Prevalence and clinical significance of GB virus type C/hepatitis G virus coinfection in patients with chronic hepatitis C undergoing antiviral therapy

Authors


Prof. Dr Harald Hofer, Department of Internal Medicine III, Division of Gastroenterology and Hepatology, Medical University of Vienna, Waehringerguertel 18-20, A-1090 Vienna, Austria. E-mail: harald.hofer@meduniwien.ac.at

Abstract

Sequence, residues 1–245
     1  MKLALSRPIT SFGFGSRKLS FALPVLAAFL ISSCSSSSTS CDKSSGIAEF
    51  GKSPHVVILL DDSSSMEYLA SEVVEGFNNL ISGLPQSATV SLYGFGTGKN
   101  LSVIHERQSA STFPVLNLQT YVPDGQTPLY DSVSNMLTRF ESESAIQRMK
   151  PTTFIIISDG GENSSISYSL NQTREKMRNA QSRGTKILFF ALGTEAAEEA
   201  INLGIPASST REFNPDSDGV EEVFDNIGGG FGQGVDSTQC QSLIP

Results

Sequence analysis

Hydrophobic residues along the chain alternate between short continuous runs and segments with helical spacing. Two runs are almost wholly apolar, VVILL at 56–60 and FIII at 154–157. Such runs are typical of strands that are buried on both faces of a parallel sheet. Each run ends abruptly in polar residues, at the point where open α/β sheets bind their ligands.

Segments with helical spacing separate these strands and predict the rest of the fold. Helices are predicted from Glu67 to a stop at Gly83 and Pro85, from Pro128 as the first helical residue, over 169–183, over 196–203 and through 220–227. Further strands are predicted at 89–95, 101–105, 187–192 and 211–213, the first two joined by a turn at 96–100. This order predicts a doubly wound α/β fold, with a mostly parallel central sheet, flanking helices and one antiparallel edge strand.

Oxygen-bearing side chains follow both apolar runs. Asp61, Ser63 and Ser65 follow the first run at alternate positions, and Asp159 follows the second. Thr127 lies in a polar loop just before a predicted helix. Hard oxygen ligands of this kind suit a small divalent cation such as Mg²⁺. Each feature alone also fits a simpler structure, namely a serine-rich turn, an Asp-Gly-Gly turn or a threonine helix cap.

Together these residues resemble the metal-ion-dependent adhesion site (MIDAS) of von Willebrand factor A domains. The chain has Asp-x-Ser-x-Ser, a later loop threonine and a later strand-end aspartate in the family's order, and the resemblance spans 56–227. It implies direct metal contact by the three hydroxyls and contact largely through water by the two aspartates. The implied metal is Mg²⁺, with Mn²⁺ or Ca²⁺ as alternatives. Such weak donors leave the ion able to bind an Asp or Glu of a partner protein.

Summary.  Coinfection with GBV-C/HGV in patients with chronic hepatitis C (CHC) may influence clinical course and response rates of antiviral therapy. Aim of the study was to investigate the prevalence of GBV-C/HGV/HCV coinfection and its influence on outcome of interferon/ribavirin combination therapy. Three hundred and four patients with CHC [m/f = 211/93, age: 42 (18–65)] were investigated. HGV RNA detection was performed by polymerase chain reaction prior to and 6 months after the end of antiviral therapy. HGV/HCV coinfection could be identified in 37/304 (12.2%) patients with intravenous drug abuse as the most common source of infection (N = 21, (56.8%)). The predominant HCV genotype in coinfected individuals was HCV-3a (HCV-3a: 51.4%, HCV-1: 37.8%, HCV-4: 10.8%). HGV coinfection was more prevalent in patients infected with HCV-3 compared to HCV-1 or HCV-4 [19/45 (42.2%) vs 14/185 (7.6%) vs 4/52 (7.7%), P < 0.01]. Patients with HGV/HCV coinfection were younger [35 (18–56) vs 43 (19–65), years; P < 0.01], and advanced fibrosis (F3-F4) was less frequent (22.2%vs 42.9%, P < 0.05). A sustained virological response was achieved more frequently in HGV/HCV coinfected patients [26/37 (70.3%)] than in monoinfected patients [120/267 (44.9%), P < 0.01]. HGV RNA was undetectable in 65.7% of the coinfected patients at the end of follow-up. Intravenous drug abuse seems to be a major risk factor for HGV coinfection in patients with chronic hepatitis C. Coinfection with HGV does not worsen the clinical course of chronic hepatitis C or diminish response of HCV to antiviral therapy. Interferon/ribavirin combination therapy also clears HGV infection in a high proportion of cases.

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